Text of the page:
aggregates; container closure system; immunogenicity; neutralizing antibody; tolerance
Anti-tumor-necrosis-factor-α (TNF-α) monoclonal antibody was used to treat Tg197 transgenic mice, which constitutively produce human TNF-α (hTNF-α) and develop a progressive polyarthritic disease. Treatment of both young (7- or 8-week-old) and aged (27- or 28-week-old) mice commenced when at least two limbs showed signs of moderate to severe arthritis. The therapeutic efficacy of anti-TNF-α antibody was assessed using various pathological indicators of disease progression. The clinical severity of arthritis in Tg197 mice was significantly reduced after anti-TNF-α treatment in comparison with saline-treated mice and in comparison with baseline assessments in both young and aged mice. The treatment with anti-TNF-α prevented loss of body weight. Inflammatory pathways as reflected by elevated circulating hTNF-α and local expression of various proinflammatory mediators were all diminished by anti-TNF-α treatment, confirming a critical role of hTNF-α in this model of progressive polyarthritis. More importantly, the amelioration of the disease was associated with reversal of existing structural damage, including synovitis and periosteal bone erosions evident on histology. Repair of cartilage was age dependent: reversal of cartilage degradation after anti-TNF-α treatment was observed in young mice but not in aged mice.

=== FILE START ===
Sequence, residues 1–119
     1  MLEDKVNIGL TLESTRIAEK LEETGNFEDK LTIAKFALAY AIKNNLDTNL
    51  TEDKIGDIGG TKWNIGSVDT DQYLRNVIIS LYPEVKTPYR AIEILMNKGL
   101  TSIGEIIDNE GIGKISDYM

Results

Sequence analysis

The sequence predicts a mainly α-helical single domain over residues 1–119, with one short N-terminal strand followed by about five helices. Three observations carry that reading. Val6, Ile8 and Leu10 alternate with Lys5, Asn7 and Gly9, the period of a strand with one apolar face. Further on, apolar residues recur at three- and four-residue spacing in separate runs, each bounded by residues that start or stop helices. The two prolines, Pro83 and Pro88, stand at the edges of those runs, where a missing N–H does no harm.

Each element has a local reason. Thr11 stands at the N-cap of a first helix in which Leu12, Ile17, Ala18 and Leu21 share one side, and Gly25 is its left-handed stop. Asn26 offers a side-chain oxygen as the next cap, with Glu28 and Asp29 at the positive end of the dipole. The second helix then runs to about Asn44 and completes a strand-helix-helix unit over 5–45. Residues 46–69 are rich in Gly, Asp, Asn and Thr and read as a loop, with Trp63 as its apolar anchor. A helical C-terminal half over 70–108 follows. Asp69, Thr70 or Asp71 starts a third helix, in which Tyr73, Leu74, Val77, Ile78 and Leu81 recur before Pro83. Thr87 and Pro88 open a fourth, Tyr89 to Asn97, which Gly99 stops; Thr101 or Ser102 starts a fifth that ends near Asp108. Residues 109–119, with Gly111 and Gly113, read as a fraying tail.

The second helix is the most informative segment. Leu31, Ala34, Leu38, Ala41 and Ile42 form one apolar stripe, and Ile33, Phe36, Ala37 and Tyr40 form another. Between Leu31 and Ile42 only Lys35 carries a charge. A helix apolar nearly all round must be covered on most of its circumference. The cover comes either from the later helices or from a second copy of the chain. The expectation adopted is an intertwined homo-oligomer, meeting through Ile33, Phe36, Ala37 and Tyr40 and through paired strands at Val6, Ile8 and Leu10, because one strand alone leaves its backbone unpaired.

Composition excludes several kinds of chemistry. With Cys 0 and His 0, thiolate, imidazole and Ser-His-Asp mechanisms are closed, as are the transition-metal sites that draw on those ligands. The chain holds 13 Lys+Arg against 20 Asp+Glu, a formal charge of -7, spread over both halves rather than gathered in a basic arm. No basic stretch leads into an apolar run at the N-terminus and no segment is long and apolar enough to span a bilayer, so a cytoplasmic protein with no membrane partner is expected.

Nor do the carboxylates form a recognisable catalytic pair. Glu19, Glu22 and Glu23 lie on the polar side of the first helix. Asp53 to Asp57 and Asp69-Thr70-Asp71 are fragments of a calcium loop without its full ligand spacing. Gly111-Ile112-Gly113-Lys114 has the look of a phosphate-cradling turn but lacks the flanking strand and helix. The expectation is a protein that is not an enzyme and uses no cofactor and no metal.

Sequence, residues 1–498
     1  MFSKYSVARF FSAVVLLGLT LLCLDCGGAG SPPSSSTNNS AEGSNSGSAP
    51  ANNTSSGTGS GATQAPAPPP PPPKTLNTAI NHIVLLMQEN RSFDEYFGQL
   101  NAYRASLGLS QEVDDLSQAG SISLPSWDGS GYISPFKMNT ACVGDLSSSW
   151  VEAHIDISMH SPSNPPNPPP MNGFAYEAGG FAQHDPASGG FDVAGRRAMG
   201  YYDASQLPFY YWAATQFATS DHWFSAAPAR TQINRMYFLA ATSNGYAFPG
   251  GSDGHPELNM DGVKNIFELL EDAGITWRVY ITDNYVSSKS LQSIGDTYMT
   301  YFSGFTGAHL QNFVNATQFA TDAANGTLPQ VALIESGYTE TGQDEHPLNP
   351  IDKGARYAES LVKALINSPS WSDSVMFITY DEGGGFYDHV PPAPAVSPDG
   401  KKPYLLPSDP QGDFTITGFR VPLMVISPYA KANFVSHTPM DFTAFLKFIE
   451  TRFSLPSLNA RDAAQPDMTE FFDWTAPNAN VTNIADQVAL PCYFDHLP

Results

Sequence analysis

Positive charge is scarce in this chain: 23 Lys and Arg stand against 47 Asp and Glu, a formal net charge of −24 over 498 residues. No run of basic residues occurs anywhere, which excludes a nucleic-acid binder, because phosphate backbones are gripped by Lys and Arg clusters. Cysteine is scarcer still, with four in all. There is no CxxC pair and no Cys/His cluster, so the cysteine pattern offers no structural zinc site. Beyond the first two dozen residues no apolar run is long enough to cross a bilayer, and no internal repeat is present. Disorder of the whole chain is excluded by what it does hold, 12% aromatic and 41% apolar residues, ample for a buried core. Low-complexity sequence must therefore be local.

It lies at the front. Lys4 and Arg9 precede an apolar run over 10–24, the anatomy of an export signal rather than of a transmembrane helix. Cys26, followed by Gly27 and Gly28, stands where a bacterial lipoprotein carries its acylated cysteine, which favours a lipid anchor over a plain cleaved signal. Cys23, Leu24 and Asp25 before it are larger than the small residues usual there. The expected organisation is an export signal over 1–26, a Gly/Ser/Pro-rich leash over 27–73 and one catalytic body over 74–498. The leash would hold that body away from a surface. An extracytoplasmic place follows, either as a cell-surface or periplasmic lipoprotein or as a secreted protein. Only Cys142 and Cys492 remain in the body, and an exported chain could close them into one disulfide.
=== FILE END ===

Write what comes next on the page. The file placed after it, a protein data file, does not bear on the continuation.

antibody; animal models; cytokines; rheumatoid arthritis; tumor necrosis factor alpha